6. barakabe says:

    As others have pointed out in terms of how we define ‘radical’: is it aesthetic or semantic radicalism to which we refer? When we think of political radicalism in film we might think of pre-Stalinist Soviet filmmakers like Vertov or the overtly political Eisenstein, Kalatozov’s “I am Cuba” & maybe even Dovzchenko; Godard, Chris Marker in France, the duration art film movement in America, particularly Warhol, or in Britain the New Wave films of the 50s/60s, Alan Clarke, Ken Loach or Peter Watkins, specifically in terms of something like ‘Punishment Park’. Many of these filmmakers may fall into the aesthetic radical camp as well, among the likes of Dreyer, Ozu, Paradjanov or Tarkovsky, a status definitely reserved for Eisenstein. This binary distinction may be misleading in many ways: aesthetics can and most often is political. Another example might be contemporary slow cinema practiced by filmmakers such as Lav Diaz of the Philippines, Bela Tarr, Thailand’s Apichatpong Weerasethakul, Lisandro Alonso or Portugal’s Pedro Costa all make films as powerful political statement and critique’s of Neo-Liberalism. If we assume that mainstream cinema, such as the dominant ‘institutional mode’ of filmmaking in Hollywood is representative of Capitalist ideology, values and a specifically action-based conception of time then we can see time in film as a political concept. These slow cinema directors use time radically in long-takes and employ certain aesthetics to communicate an alternative humanistic world-view in opposition to capitalist funded Hollywood filmmaking.
    I would argue that Bill Douglas is one of Scotland’s post-war greatest artists ( probably its only real ‘master’ craftsman) who is internationally recognized as one of cinema’s great maverick innovators ( & a pioneer of slow cinema)- yet he is virtually unknown in Scotland- this tells us a lot about not only our own colonized mind-set but also the status of film as an ‘art-form’. Intellectually, Scotland as a nation, is operating in the 19th century. Other small nations, such as Portugal have Pedro Costa or Miguel Gomes, or ‘peripheral’ nations such as the Philippines have Lav Diaz or Turkey with Nuri Bilge Ceylan, we have little comparable in terms of quality visionaries- is it lack of talent, opportunity or support? Ceylan in his early films, Uzak, Climates, Three Monkeys, used micro crews with very small budgets, that were internationally respected- he would go onto win the Palme d’Or with Winter Sleep- why can’t we give young visionary filmmakers in this country small budgets to do the same? To offer our artists the opportunity to find an authentic voice for our nation? This sort of authentic voice would sell in the international markets. Other nations do it, and their artists are supported via the festival circuits, to expand their message internationally.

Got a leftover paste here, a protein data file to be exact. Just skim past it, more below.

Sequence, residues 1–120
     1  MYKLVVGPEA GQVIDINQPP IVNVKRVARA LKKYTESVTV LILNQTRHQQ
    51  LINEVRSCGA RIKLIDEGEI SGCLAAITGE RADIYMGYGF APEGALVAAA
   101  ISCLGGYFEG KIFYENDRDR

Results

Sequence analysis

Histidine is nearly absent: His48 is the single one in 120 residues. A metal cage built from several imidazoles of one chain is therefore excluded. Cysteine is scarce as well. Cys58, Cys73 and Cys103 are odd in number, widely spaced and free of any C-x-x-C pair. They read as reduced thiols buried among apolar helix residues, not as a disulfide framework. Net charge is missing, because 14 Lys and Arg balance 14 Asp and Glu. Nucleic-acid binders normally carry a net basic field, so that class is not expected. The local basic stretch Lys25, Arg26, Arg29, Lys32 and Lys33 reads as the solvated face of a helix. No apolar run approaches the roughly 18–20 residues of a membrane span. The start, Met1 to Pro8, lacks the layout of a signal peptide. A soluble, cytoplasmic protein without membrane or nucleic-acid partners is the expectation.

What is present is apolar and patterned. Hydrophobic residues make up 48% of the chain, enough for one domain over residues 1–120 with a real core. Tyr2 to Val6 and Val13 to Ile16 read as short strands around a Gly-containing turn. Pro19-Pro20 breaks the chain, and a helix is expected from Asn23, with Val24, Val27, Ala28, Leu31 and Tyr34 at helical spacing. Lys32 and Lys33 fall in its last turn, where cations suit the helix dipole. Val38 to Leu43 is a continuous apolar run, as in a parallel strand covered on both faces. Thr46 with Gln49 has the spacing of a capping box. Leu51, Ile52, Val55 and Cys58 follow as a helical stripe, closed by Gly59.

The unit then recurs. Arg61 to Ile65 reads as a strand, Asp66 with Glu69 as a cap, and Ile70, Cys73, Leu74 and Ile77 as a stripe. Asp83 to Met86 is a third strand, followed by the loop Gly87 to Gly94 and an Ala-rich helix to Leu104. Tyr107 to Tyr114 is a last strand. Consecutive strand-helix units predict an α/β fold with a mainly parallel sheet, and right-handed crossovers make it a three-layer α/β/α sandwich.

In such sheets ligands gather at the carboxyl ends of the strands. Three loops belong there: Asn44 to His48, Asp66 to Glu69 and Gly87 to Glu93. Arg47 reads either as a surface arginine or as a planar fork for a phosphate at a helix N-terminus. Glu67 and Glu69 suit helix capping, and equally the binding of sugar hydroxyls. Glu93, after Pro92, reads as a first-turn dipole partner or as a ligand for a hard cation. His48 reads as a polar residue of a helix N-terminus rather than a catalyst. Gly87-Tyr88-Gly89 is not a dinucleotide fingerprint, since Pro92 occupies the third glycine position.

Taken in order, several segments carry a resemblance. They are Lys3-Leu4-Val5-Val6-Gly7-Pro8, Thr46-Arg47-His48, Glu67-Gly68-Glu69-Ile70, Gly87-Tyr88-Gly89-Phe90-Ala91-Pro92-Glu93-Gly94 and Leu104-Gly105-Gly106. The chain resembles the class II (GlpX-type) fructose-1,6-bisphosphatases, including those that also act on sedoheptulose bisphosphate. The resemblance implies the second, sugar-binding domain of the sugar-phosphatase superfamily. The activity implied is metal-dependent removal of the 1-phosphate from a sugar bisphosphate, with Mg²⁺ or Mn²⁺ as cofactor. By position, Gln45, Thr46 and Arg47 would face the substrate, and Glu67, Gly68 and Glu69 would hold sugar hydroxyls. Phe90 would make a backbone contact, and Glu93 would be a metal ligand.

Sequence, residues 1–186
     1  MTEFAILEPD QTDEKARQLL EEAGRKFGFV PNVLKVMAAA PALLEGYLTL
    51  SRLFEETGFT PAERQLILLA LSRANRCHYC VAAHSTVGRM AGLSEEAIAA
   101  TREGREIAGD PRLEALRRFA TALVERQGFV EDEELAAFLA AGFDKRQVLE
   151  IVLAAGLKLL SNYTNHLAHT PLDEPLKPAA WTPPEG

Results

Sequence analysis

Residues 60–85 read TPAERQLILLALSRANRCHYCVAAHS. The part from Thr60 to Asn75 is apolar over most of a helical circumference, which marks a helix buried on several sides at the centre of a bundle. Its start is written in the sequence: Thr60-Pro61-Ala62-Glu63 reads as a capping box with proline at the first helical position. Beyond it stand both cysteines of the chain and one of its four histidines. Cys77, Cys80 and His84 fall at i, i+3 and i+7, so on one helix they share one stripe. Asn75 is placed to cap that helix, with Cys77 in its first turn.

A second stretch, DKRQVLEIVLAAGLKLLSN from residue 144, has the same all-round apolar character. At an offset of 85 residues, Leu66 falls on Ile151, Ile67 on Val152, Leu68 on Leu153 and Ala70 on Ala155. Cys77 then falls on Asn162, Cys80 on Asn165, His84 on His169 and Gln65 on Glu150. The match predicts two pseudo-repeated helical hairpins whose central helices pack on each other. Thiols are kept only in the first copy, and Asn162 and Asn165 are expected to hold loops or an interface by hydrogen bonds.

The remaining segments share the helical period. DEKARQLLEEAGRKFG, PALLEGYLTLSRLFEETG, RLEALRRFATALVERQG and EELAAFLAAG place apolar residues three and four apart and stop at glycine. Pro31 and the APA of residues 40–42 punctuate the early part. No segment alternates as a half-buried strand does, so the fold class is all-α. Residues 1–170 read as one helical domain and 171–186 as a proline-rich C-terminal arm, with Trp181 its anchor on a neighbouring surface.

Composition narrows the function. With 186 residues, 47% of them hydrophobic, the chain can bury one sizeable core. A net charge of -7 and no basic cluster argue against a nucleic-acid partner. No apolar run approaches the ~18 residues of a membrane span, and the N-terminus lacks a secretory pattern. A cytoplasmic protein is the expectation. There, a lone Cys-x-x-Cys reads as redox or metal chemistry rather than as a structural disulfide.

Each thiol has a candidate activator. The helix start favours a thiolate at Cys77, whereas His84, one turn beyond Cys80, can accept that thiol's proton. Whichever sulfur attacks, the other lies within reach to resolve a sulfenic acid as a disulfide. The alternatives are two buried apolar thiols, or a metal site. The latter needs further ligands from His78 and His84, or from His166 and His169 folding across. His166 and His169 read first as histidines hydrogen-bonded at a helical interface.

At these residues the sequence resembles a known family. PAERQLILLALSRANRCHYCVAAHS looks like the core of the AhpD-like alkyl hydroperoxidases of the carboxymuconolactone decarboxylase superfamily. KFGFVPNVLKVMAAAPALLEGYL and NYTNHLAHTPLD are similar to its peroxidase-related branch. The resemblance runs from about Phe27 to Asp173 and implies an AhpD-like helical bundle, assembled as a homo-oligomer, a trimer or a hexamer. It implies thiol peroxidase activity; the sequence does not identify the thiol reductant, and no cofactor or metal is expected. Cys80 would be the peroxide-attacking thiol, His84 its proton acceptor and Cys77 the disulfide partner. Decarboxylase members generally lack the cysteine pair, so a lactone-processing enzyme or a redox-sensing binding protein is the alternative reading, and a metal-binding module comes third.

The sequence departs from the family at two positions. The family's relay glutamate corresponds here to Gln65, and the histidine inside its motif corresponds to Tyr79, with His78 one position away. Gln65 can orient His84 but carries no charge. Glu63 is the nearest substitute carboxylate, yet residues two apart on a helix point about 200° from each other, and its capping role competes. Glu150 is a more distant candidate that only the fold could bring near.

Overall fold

1. Alf Baird says:

      “is it lack of talent, opportunity or support?”

      Hits nail on heid, Barakabe. Plenty Scottish talent, loads and loads o’ authentic talent – but its aw suppressed. Oor ‘anglicised’ overlords and unionist London-centric elites haud us back. Nae maiter whether its making films or running maist ither industries.

      As my expat Scots-Aussie ship designer/builder mate says: “aw the best, got up an left” because there wis nae opportunity and nae support and nae ‘national’ interest in Scotland. In his case, the infrastructure needed for shipbuilding was provided by states in Australasia, and still is – but not here in Scotland. Same wi films an a’thing else.

      We need a ‘can dae it’, no a ‘cannae dae it’ attitude. There’s nae real (economic) vision in thon Holyrood manifestos. But aside from that we really need to clean out ‘establishment Scotland’ and the unionist ‘cannae dae it’ mindset still holding us back to make any real progress and get this moribund economy motoring. That should have been done by now but the SNP has simply left all the same unionist overlords in public sector posts, and indeed have allowed the continued hiring of the same sort of folk to run ‘establishment Scotland’.

      When a nation seeks independence, the last thing it should do is allow the colonialist elites to continue to run its major institutions. Nae wonder we lost the referendum!

    2. Anton says:

      Glad to hear mention of Bill Douglas, one of the greatest Scots of the last hundred years.